Thursday, September 05, 2013

It's a Small World, August 1982

While waiting in line for "The Happiest Cruise That Ever Sailed 'Round The World", the mechanical clock began clanking and boinging, and a parade of children from around the world emerged from the façade. This photo doesn't look too different from older examples, but more color - mostly shades of blue - was gradually being added to some of the shapes. Eventually the entire thing was covered in pastel pinks, blues, yellows, and all manner of Skittles colors. Some people preferred it that way, but I am glad that it returned to it's original scheme a few years ago.

This from inside IASW featuring India was always one of my favorites, mostly becaused of the cool four-armed shadow puppet moving mysteriously behind the screen at the top of the steps. 


Nanook said...

It's a world of laughter, a world of tears. It's a world of hope, it's a world of fears...

Melissa said...

One of my favorite parts of a GDB post is the peoplewatching.
I love the forerunners of the Miami Vice look that would soon sweep the nation in their pastel Hawaiian shirts, and the white trousers on the guy in the pink shirt. It was a cool look, but hard to keep clean.
And the sad-looking girl in the white veil! Is she re-creating a happy ending look from a classic princess movie, just raiding her sister's old First Communion gear for pretty shiny stuff, or both? I don't remember the whole Bibbidi Bobbodi Boutique/dressing like a princess for a hot day in the park phenomenon having started yet in 1982, but I was too busy lining up for the Jungle Cruise to notice.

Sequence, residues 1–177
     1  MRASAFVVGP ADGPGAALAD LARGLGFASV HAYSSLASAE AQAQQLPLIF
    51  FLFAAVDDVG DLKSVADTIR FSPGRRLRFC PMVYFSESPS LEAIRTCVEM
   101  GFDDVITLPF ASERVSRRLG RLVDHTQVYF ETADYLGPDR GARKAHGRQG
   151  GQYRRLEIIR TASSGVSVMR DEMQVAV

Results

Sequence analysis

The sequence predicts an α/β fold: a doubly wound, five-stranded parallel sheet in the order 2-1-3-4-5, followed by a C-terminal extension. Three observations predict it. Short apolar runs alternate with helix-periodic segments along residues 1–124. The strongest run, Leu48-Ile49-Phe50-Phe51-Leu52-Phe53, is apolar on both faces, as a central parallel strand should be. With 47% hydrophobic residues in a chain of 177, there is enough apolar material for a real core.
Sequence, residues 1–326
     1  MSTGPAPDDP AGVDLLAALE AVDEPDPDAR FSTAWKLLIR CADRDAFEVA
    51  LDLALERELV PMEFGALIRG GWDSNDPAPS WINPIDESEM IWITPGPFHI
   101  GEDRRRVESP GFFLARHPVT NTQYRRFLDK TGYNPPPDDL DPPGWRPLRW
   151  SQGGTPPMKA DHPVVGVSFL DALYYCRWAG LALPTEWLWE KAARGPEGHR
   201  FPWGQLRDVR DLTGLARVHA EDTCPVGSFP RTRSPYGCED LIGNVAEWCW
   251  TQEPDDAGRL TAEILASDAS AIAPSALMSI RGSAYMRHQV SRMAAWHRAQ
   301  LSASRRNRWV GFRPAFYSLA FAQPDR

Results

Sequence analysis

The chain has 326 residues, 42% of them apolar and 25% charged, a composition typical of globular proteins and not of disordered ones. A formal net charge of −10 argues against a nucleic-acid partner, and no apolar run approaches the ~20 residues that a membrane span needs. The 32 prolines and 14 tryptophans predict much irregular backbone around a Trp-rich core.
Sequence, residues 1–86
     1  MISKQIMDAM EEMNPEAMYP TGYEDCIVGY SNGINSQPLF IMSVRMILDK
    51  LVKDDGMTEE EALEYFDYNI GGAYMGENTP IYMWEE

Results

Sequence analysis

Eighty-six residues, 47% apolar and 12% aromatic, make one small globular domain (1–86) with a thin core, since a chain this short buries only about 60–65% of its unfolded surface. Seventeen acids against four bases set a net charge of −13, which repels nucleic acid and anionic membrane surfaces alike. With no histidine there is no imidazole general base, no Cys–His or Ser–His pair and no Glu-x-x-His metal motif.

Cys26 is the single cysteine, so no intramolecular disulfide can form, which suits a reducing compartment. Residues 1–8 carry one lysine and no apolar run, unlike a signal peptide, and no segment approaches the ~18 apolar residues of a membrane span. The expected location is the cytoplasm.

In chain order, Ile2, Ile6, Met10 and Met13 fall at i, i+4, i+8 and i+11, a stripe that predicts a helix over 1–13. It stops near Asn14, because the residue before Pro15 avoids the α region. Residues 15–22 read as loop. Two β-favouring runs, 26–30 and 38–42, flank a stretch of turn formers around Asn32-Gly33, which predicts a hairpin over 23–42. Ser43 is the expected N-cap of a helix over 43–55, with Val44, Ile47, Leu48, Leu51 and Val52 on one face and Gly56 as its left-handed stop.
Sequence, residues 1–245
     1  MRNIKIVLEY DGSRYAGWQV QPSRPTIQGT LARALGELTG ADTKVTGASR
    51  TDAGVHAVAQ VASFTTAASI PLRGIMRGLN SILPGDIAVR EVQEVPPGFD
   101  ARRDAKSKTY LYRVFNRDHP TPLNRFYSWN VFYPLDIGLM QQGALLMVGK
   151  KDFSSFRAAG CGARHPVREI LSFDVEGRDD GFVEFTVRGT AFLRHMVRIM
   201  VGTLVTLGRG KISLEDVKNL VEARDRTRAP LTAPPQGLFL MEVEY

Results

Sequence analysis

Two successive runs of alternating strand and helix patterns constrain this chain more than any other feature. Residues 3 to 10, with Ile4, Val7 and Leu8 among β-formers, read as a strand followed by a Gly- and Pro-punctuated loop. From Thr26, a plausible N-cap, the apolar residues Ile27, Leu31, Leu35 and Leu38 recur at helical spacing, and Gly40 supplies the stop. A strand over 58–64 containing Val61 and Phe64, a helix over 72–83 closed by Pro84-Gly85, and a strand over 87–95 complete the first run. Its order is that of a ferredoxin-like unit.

On second look, I think the man in the pink shirt may be a lady.
Is the man in the white floral shirt just scratching his head, or making the international sign for, "Just shoot me now?"
Looks like the boy in the red tee is wearing a little yellow hard hat. I don't blame him. You never know when one of those balloon kids in the finale room is gonna jump. ofr one of those crazy suns fly off its moorings.
If I had a kid, and I carried him around on my shoulders, I'd get a seven-foot long trenchcoat, put it over both of us, and peek out the gaps between the buttons to see my way around, just to weird people out. The kid would also have to wear a bowler hat and mustache, and carry fake hands on sticks. But he'd understand, because he'd be my kid. Either that, or he'd stop asking for piggyback rides in a damn hurry.

The Indian/Balinese/Indonesian shadow puppet in IASW always makes me think of Neefa Feefa the Eyeball Dancer from Pontoffel Pock, Where Are You?

K. Martinez said...

Never cared for the reversed queue they did on IASW. Less dramatic unfold when waiting in line. Same with the Disneyland Monorail and Tarzan's Treehouse. Traffic flow maybe?

Love the Thai Balinese dancers photo of IASW.

Alonzo P Hawk said...

Never cared much for the blue color scheme. Right now I would trade a blue IASW for early 80's ticket prices every day of the week and twice on sundays.

Where is Mr. Peabody's way back machine when you need it.

Major Pepperidge said...